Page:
Turkish society deeply divided after 20 years of Erdogan's rule

Over the past two decades, Recep Tayyip Erdogan has emerged as the undisputed master of Turkish politics. Elected prime minister in 2003, then president in 2014, he is gearing up for a hotly contested re-election bid later in 2023. FRANCE 24's Shona Bhattacharyya and Ludovic de Foucaud look back at the political legacy of a man who has had a profound impact on the lives of everyday Turks, for better or for worse.

Born in Istanbul to a family from the Black Sea, and with dreams of becoming a professional football player in his youth, Erdogan proved highly appealing to those who are sometimes called "Black Turks": conservative, often religious, and poorly educated voters, who had long felt abandoned by previous secular and Western-leaning governments. Over the last 20 years, Erdogan and his Justice and Development Party (AKP) put them in the driving seat of the country.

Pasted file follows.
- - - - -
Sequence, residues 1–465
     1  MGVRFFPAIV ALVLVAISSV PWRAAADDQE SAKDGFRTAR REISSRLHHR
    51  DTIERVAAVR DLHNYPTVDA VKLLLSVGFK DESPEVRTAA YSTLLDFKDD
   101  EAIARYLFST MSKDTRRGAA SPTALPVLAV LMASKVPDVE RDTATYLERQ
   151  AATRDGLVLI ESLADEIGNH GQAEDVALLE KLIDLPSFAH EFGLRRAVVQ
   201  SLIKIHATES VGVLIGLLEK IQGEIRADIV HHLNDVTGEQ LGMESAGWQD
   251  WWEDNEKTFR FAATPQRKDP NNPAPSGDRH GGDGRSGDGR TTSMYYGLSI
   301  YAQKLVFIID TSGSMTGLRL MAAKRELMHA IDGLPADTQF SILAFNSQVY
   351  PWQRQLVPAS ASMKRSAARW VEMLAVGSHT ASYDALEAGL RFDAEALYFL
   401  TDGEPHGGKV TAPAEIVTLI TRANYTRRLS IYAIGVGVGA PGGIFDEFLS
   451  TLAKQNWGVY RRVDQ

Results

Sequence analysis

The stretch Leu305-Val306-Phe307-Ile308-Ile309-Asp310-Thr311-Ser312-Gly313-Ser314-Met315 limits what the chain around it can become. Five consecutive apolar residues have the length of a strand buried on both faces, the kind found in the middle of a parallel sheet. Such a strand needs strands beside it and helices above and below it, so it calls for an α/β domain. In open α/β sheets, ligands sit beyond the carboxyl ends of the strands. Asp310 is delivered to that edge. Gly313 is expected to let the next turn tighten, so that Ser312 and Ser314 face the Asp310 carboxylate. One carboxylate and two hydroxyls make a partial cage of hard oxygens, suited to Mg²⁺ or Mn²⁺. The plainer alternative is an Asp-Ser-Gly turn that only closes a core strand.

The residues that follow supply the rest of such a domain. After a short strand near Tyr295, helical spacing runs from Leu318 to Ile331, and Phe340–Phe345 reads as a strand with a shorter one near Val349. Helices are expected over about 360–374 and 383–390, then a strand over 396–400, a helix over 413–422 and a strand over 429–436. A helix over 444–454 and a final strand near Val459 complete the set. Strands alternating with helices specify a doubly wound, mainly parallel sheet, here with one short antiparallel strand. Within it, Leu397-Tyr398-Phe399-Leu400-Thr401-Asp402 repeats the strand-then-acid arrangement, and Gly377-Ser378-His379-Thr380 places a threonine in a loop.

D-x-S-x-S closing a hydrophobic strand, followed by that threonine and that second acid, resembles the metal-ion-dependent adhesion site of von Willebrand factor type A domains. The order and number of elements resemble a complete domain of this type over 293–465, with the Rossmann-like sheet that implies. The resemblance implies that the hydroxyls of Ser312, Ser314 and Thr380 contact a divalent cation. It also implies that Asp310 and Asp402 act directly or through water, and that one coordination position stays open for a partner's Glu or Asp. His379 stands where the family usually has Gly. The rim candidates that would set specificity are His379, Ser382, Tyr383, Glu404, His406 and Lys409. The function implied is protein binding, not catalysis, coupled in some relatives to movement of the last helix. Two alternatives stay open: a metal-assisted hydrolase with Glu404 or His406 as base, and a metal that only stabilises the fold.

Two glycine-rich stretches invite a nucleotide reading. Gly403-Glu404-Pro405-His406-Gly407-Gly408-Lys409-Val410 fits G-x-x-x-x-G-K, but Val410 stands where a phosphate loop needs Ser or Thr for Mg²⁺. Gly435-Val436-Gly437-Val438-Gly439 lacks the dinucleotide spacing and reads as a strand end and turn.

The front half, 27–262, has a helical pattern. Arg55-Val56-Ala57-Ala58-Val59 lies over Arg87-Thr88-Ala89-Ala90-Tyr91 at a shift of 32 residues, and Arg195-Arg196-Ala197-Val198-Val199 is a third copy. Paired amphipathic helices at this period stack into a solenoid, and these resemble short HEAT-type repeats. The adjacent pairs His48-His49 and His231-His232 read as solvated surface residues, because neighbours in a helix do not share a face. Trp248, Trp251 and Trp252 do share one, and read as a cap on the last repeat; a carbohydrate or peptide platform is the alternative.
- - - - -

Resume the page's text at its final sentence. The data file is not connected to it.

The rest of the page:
His early years marked one of the most open periods of modern Turkish history: opening up the economy to attract foreign capital; holding direct negotiations with the Kurdish PKK (since 1984, a civil war had killed tens of thousands); and allowing veiled women access to university, the army and civil service.

>> Read our webdocumentary on Turkey's 'great purge'

A divisive figure


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